Exercise capacity also increases gradually throughout childhood.  Increases/improvements in endurance capacity occur because of increased muscle mass and enhanced oxygen transport and metabolic capacities.  Children will experience a decreased heart rate with endurance training, but not to the same extent as adults do.  Children as they get older will be able to handle more activity as they mature due to the increase of capacity, and the decreased heart rate.

When you compare children to adults, the children have immature skeletal systems and less muscle mass.  The immature skeletal system causes fragile bone growth (epiphyseal) centers which when put under very  heavy stress, can fracture, causing injury to the growth plates.  Very young children should avoid very heavy and strenuous resistance training.  This does not mean that all children should avoid resistance training.  Trainers, parents, and the children should be responsible enough to not allow maximal effort exercises, and practice proper form and technique to avoid these types of injuries.  One of the most promising benefits of strength training may be increased bone mass.  Bone mass continues to increase throughout growth and development, but a peak in bone mass is reached at a young adult age.   Attaining a higher peak bone mass as a young adult may delay the age at which a loss of bone from aging occurs. A loss of bone later in life, especially among menopausal women, can lead to osteoporosis, causing bones to become increasingly porous, brittle and fragile.

As mentioned above, the child contains much less muscle mass than adults.  The muscle in adults is stronger as well.   Again, the very young should avoid heavy and strenuous resistance training to avoid injury.  It has been shown that heavy resistance training will not provide as much value in very young children as in older children.   Gains from strength training for preadolescents are generally attributed to neural adaptations and motor learning, rather than circulating androgens. Muscle hypertrophy, or an increase in the cross-sectional area of a muscle, is not usually detected in children as a result of training. Since muscle size has been correlated with strength, studies indicating no increase in muscle hypertrophy implied that strength training was ineffective in younger participants.  During the first seven years there is steady growth of the muscles, followed by a slowing trend preceding puberty.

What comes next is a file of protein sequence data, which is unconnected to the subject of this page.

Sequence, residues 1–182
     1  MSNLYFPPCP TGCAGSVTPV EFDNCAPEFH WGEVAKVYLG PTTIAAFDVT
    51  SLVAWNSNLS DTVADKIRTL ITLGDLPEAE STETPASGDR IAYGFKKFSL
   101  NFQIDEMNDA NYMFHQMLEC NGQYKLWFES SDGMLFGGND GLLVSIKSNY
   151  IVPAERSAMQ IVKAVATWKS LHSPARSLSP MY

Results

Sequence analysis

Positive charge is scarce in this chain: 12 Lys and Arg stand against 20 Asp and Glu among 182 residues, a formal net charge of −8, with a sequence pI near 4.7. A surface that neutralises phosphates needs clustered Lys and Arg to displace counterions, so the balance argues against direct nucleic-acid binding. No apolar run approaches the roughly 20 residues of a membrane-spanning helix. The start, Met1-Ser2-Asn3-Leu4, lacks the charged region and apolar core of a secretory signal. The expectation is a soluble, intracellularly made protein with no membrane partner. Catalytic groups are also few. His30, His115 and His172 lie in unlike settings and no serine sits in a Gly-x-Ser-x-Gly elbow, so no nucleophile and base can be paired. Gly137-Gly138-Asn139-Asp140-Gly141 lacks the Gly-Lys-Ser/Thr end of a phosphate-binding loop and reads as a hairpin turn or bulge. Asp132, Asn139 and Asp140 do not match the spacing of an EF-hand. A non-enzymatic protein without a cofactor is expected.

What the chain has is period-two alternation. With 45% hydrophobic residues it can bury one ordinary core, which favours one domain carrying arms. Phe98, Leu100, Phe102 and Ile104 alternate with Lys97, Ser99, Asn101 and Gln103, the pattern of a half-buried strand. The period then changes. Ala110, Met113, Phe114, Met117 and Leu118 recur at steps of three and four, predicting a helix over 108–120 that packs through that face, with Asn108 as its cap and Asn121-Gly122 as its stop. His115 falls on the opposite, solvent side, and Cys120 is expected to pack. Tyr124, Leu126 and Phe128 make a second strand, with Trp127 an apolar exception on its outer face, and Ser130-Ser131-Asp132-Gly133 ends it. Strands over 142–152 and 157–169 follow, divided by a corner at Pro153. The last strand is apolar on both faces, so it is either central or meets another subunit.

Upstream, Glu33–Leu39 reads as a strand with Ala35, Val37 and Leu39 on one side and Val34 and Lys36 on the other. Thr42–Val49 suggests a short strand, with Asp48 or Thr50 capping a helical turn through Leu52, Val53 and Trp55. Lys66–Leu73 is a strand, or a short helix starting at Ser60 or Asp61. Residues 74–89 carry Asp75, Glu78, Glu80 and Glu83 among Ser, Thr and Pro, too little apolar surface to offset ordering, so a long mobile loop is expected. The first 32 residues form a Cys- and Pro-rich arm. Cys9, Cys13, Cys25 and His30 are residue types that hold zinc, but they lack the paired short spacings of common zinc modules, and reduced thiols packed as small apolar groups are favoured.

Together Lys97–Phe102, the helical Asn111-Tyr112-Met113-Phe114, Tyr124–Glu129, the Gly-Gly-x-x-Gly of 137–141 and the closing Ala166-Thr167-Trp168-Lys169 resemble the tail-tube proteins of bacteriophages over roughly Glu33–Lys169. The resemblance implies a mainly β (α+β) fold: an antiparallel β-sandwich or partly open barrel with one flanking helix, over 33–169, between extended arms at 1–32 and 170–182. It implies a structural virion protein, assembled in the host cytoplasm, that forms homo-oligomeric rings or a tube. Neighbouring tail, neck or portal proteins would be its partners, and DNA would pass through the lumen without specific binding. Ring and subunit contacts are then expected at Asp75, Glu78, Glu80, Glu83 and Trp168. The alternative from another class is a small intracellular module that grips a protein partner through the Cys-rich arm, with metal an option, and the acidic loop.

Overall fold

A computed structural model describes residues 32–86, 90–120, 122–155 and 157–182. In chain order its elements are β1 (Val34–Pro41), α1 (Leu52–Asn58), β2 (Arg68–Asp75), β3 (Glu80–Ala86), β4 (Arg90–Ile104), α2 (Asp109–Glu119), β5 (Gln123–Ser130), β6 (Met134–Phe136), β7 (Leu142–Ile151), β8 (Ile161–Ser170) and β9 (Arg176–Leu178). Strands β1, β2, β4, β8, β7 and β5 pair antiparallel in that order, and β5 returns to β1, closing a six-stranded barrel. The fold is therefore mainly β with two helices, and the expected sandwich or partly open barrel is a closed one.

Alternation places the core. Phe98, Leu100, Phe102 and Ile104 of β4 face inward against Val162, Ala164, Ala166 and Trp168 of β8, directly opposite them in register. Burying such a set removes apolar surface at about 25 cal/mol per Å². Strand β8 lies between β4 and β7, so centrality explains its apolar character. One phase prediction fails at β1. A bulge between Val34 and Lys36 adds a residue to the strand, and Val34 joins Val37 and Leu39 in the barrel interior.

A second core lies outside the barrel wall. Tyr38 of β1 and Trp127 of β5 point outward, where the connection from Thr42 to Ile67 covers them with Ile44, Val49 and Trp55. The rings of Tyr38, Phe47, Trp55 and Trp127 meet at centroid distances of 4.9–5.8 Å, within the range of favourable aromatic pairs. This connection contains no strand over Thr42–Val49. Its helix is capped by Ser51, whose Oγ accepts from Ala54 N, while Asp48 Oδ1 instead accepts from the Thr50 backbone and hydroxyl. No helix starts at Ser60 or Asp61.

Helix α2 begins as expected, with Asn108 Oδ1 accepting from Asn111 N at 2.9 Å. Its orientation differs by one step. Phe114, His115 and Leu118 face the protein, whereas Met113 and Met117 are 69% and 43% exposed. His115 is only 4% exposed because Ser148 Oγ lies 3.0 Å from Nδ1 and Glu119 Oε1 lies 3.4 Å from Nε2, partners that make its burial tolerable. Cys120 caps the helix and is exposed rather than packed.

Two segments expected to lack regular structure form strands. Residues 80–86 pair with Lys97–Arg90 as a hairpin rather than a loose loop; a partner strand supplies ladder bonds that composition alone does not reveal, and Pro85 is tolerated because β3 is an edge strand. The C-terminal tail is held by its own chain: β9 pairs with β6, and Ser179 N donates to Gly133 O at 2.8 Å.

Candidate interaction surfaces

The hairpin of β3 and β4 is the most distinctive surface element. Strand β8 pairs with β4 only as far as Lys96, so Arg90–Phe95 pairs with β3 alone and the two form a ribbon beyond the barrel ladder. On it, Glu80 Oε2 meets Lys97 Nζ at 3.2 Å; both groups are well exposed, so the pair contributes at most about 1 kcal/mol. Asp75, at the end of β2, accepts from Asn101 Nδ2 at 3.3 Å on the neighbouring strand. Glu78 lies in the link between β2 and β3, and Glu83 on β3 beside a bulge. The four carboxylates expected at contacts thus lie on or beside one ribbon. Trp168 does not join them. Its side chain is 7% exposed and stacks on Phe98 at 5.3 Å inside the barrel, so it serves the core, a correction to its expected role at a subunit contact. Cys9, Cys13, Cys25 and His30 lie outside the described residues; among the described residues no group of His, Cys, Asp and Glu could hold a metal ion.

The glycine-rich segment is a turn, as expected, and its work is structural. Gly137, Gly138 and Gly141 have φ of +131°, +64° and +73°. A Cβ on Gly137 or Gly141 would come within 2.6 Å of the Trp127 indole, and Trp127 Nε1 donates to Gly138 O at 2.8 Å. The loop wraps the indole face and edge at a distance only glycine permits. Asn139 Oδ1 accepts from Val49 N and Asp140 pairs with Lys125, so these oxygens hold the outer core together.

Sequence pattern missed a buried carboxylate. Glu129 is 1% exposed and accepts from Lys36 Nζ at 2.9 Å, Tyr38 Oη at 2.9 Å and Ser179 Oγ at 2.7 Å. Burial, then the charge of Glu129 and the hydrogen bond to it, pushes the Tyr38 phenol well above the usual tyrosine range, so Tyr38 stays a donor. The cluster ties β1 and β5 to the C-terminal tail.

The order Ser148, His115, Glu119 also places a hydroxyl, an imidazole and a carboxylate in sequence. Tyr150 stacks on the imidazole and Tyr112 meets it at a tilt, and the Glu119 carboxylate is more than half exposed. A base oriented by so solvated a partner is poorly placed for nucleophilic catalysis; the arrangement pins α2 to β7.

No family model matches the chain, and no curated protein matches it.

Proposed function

There is also much less hormonal activity in children than adults.  Children have very low testosterone levels compared to adults.   The amount of testosterone in the child increases along with puberty and levels off slowly after puberty ends.   During the time of puberty would be the best time to increase strength training and hypertrophy work due to the increasing testosterone and other hormonal changes.

Adults and children also have very different ventilation patterns.  The primary role of the respiratory system is to provide oxygen and to eliminate carbon dioxide from the muscle cells. The amount of air exchanged per minute is called minute ventilation and is the product of the number of breaths (frequency) times the volume of each breath (tidal volume). Children and adolescents exhibit a higher frequency and lower tidal volume than adults at all intensities.  Because rapid breathing is readily noticed, it can be upsetting to a well-intentioned adult. The higher frequency and lower tidal volume is normal and no call for alarm.   Children reach adult levels of ventilation at 16-18 years old.  Younger children who train for endurance will develop adult type ventilation patterns, such as decreasing their breathing frequency, while increasing their tidal volume.  Lung diffusion (spontaneous migration of substances from regions where their concentrations are high to regions where their concentrations are low) capacities are also lower in children than adults due to their lungs not being fully developed.